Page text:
Camino – It did not used to be the case that one left San Francisco for Oakland to dine, except in search of non-Western European cuisines that had been priced out of SF. There were a few good options, nice for meeting folks who lived on the other side of the Bay and were tired of always having to make the westward journey, but SF remained the center of gravity. Now, however, the pace of change appears to be accelerating, which is fun for Bay Area diners but has to be really exciting – and perhaps somewhat of a relief – for Oakland residents. Camino is as talked-about as any of the city’s a-birthing establishments, and so it’s a pleasure to cross the water and give it a try.
Cocktails: excellent. Atmosphere: fun and warm, vibing not entirely unlike a Rockies ski lodge, a feel that suits the extensive use of fire in the kitchen. Wine list: I never see it, so I don’t know. Service: very friendly.
Food…well: much is good, some is tentative, some is just OK. The hype may slightly outpace the quality, or I’m here on an off night. On the other hand, there’s no obvious reason why the kitchen couldn’t turn out consistently excellent food…what flaws there are on my night (mostly of conception and balance rather than execution) don’t appear to be systemic. I’d come back, but I wouldn’t rush.
Belluard 2009 Vin de Savoie Terroir du Mont-Blanc “Grand Jousses” Cépage Altesse (Savoie) – Flat plains of minerality, broadened to the horizon. Yet despite the breadth there’s a nervousness to the wine, a tension. And on the gripping hand, shyly floral flashes. I’d say this needs time, even on the night, but it’s gone like summer lightning…which, by itself, says something. (11/11)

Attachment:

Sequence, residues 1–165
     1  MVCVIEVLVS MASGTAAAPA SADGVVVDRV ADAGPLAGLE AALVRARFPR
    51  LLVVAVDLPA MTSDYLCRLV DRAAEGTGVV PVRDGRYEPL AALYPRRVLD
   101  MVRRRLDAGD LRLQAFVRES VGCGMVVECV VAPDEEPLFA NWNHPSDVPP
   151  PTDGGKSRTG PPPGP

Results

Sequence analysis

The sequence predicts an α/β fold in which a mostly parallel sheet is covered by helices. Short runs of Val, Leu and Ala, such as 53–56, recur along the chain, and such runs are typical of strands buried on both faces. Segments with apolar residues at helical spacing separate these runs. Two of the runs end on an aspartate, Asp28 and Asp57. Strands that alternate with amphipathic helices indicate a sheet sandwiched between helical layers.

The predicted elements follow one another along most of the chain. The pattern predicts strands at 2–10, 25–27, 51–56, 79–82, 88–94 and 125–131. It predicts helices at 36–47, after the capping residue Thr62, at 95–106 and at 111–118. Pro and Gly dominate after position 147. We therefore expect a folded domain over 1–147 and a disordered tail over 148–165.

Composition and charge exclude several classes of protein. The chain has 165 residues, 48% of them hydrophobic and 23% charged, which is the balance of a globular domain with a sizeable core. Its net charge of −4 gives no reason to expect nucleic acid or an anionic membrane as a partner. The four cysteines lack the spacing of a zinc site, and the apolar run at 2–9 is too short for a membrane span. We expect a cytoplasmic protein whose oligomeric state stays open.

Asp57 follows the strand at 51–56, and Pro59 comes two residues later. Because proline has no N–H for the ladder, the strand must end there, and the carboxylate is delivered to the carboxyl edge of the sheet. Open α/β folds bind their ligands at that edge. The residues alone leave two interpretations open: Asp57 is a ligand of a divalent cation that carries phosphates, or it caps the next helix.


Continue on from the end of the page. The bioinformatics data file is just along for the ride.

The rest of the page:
Saumon 2009 Montlouis-sur-Loire Le Clos de Chêne (Loire) – I struggle with this wine, which seems surly and imbalanced…not in conception, necessarily, but as if it’s throwing a kind of tantrum. Waxed minerals, pollen, white petals, tenderness, but not one of these elements is willing to play with, or even look at, the others. I’ll wait for a bottle that’s had its nap, or is at least free of colic, before saying more. (11/11)
Arnot-Roberts 2010 Trousseau Luchsinger (Clear Lake) – Zinging all over the place, with spike-driven fruit of surprising weight giving its piercing tartness, somewhat leaden structure, and a lot of confused thrashing for a finish. This tastes like an experiment. (11/11)
Edmunds St. John 2005 Syrah Bassetti (San Louis Obispo County) – Something I thought I might never taste: a mature Bassetti. Well, mature-ish. OK, not mature at all. There’s certainly no hurry. If there’s any benefit to Old World analogues, this is the Hermitage versus some of Steve’s less hyper-masculine syrahs, but it’s important to stress that it doesn’t actually taste anything like Hermitage; the only real commonality is the firmness of its structure, which is still quite evident. Otherwise, the dark fruit has roasted into soy-drizzled walnuts and dark herbs, porcini dust plays a role, and the lingering impression is one of persistent solidity. Very, very impressive. (11/11)
Disclaimer: the Belluard and Saumon are provided by a dining companion who imports the wines.
Hog Island Oyster Bar – The lavishness of my usual 4- or 5-dozen oyster orgy is mitigated by the presence of an unfamiliar face, and thus I’m forced to behave in matters bivalvual. But there’s just nothing to not love about this place. Terrific food, quite decent beer, wine, and sake, and the Ferry Building premium doesn’t seem all that punishing here.
Métaireau “Domaine du Grand Mouton” 2010 Muscadet Sèvre & Maine Sur Lie “Petit Mouton” (Loire) – Muscadet-by-the-numbers. Abraded shells and slightly saline acidity, light-bodied, clean and soon absent. Frankly, I expect more from this producer. (11/11)